"I strongly support and thank [Agriculture] Secretary Vilsack for standing up and fighting for this critical, urgent and much-needed legislation. This shameful lawsuit is racial discrimination at its worst against our nation’s Black farmers and socially disadvantaged farmers – and I do not say this lightly, because white farmers already own 98 percent of all the farmland in the United States and Black farmers own just one percent," Rep. David Scott, D-Ga., said in a statement on Monday.
"The very survival of Black farmers is at stake – and this would be an unpardonable sin because we, as Black slaves, did the hard work and provided the foundation for America’s great agriculture system for free, for over 200 years, under the lash of the slave masters’ whips," Scott continued.
Scott praised Agriculture Secretary Tom Vilsack for defending the program.
"In 1930 when my grandfather bought our family farm, where I was born, in Aynor, South Carolina, 21 percent of all the farms in the South were owned by Black families. Now, it is just one percent. I am in full support of Secretary Vilsack and the United States Department of Agriculture’s (USDA) effort to fight this lawsuit," Scott said.
A Wisconsin federal judge ordered a temporary halt to the program earlier in June after a lawsuit from a group of White farmers alleging discrimination.
Milwaukee District Judge William Griesbach issued a temporary restraining order, noting the White farmers "are likely to succeed on the merits of their claim" that the U.S. Department of Agriculture’s "use of race-based criteria in the administration of the program violates their right to equal protection under the law," according to NBC News.
"The obvious response to a government agency that claims it continues to discriminate against farmers because of their race or national origin is to direct it to stop: it is not to direct it to intentionally discriminate against others on the basis of their race and national origin," Griesbach continued.
The USDA said it disagreed with the restraining order.
"We respectfully disagree with this temporary order and USDA will continue to forcefully defend our ability to carry out this act of Congress and deliver debt relief to socially disadvantaged borrowers," a USDA spokesperson told Fox News. "When the temporary order is lifted, USDA will be prepared to provide the debt relief authorized by Congress."
The $4 billion provision was part of President Biden’s American Rescue package, and the funds were to be used to pay up to 120% of "socially disadvantaged," or Black, Hispanic, Asian or Native American farmers' outstanding debt. Twelve White farmers from nine states filed suit arguing that excluding them from the aid on account of race violated their constitutional rights.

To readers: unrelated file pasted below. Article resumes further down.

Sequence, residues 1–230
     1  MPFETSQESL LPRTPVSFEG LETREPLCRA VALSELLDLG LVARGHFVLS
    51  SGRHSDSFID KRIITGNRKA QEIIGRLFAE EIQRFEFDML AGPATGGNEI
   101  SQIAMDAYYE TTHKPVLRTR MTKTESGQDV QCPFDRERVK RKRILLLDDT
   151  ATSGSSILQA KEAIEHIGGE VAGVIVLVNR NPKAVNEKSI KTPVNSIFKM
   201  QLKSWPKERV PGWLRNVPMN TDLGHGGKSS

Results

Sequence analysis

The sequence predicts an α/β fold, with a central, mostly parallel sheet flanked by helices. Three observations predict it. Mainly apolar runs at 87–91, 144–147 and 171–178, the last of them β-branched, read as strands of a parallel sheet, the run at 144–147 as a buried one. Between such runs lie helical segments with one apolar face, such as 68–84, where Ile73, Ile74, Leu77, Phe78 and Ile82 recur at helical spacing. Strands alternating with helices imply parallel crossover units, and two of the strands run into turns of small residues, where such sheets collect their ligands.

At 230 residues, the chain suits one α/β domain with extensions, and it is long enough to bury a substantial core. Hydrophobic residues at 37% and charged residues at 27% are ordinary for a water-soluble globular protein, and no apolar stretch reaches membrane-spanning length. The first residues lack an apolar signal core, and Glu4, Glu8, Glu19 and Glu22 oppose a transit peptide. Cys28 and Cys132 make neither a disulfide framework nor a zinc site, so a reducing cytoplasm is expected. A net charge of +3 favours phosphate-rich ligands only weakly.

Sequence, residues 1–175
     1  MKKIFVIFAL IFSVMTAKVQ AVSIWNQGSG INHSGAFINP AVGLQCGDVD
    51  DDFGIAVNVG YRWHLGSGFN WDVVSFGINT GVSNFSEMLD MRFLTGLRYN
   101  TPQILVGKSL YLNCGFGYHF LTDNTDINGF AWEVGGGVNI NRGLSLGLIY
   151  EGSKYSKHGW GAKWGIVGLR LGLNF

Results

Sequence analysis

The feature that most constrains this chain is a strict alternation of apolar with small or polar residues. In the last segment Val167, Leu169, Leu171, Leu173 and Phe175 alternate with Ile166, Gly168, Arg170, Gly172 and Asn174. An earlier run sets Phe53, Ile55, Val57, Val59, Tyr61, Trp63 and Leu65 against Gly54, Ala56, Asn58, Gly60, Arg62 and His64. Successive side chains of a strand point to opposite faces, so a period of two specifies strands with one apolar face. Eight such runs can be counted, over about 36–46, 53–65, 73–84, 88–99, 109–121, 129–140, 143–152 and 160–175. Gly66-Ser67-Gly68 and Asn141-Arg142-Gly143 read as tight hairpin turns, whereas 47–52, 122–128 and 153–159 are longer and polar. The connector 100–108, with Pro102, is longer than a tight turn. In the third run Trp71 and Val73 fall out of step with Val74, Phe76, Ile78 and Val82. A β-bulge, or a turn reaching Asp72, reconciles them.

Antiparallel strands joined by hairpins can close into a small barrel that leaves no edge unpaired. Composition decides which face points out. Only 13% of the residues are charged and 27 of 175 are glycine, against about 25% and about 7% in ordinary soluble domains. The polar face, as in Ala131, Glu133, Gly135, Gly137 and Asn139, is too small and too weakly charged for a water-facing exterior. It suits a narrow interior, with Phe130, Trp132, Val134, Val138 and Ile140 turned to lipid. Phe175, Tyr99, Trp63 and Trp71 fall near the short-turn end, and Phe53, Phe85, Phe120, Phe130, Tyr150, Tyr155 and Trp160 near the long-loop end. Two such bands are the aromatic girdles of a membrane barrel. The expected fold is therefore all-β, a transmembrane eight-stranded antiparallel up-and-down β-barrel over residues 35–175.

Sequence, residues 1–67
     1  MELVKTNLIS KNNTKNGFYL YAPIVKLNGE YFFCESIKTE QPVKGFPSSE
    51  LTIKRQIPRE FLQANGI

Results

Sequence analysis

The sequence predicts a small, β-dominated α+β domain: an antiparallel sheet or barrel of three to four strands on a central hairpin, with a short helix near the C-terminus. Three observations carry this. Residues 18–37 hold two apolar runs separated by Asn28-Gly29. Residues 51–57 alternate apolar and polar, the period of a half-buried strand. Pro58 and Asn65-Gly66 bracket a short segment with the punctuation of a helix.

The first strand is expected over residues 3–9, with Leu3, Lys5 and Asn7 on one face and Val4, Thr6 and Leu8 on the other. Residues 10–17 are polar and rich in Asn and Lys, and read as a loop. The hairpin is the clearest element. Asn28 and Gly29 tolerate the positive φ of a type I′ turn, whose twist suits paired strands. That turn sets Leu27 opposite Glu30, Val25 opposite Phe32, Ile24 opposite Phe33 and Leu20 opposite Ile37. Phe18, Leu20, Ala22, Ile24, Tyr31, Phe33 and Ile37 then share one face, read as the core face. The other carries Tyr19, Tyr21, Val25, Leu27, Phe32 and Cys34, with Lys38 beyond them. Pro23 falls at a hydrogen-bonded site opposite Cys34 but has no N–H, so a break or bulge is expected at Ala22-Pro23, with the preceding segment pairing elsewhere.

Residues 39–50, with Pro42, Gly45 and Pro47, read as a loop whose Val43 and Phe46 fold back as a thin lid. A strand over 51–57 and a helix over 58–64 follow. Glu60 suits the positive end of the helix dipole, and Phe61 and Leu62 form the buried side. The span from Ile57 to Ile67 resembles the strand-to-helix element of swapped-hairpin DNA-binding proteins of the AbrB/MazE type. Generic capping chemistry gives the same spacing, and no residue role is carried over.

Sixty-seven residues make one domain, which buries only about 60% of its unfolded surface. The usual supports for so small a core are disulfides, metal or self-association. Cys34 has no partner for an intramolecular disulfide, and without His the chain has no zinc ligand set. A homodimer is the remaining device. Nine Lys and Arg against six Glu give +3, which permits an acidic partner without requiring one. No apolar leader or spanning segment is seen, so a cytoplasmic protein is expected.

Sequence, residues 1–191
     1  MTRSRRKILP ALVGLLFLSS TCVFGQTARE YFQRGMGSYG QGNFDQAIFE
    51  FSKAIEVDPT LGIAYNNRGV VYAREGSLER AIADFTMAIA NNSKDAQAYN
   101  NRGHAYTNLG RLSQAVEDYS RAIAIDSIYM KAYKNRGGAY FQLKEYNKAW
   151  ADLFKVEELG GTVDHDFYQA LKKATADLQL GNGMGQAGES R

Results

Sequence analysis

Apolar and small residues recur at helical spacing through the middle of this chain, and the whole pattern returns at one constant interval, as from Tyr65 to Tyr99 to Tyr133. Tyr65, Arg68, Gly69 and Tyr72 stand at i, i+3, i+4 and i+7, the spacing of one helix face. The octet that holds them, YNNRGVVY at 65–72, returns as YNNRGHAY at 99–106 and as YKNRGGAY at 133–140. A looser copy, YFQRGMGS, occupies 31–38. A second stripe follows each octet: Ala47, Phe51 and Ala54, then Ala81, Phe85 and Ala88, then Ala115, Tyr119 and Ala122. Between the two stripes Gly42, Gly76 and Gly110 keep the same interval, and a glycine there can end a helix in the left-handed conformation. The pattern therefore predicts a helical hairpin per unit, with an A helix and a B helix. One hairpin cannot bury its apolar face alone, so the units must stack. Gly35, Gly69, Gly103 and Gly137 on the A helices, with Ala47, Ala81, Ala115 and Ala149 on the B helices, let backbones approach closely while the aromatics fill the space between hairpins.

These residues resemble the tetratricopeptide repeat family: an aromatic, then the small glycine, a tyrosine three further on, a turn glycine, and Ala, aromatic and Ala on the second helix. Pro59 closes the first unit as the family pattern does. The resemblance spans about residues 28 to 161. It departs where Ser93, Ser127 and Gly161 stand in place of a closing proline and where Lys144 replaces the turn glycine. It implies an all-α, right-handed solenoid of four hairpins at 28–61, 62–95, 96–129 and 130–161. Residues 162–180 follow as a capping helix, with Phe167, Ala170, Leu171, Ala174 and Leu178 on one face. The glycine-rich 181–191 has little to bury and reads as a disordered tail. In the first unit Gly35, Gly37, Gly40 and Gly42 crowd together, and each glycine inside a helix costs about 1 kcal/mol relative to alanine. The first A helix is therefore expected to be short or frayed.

"I think you have to take you back 20, 30 years, when we know for a fact that socially disadvantaged producers were discriminated against by the United States Department of Agriculture. We know this. We have reimbursed people in the past for those acts of discrimination, but we've never absolutely dealt with the cumulative effect," Vilsack said in May, defending the aid.
The USDA settled multibillion-dollar discrimination lawsuits with minority farmers in 1999 and 2010.
"Secondly, when you look at the COVID relief packages that had been passed and distributed by USDA prior to the American Rescue Plan, and you take a look at who disproportionately received the benefits of those COVID payments, it's pretty clear that White farmers did pretty well under that program because of the way it was structured and structured on size and structured on production. So I think there is a very legitimate reason for doing what we are doing," the secretary continued.
Black farmers accounted for approximately one-sixth of farmers in 1920, but less than 2% of farms were run by Black producers by 2017, according to USDA data.
Minority farmers have maintained for decades that they have been unfairly denied government loans and other forms of assistance. Many of them complained that under Vilsack’s previous tenure – as agriculture secretary during the Obama years – he did little to settle a backlog of 14,000 discrimination complaints from the Bush administration. The Bush administration had found discrimination in only one of those cases.
Farmers spoke out against the relief program in March.
"Just because you're a certain color you don't have to pay back money? I don't care if you’re purple, black, yellow, white, gray, if you borrow money you have to pay it back," Kelly Griggs, who runs her 1,800-acre farm with her husband in Humboldt, Tennessee, told Fox News in an interview.
"My reaction is, where did common sense go?" Griggs said. "We can't strike. We can't stop. That's the part that really sucks. These people in Washington who make decisions for us and our livelihood have probably never stepped foot on a real farm."
Fox News' Morgan Phillips contributed to this report.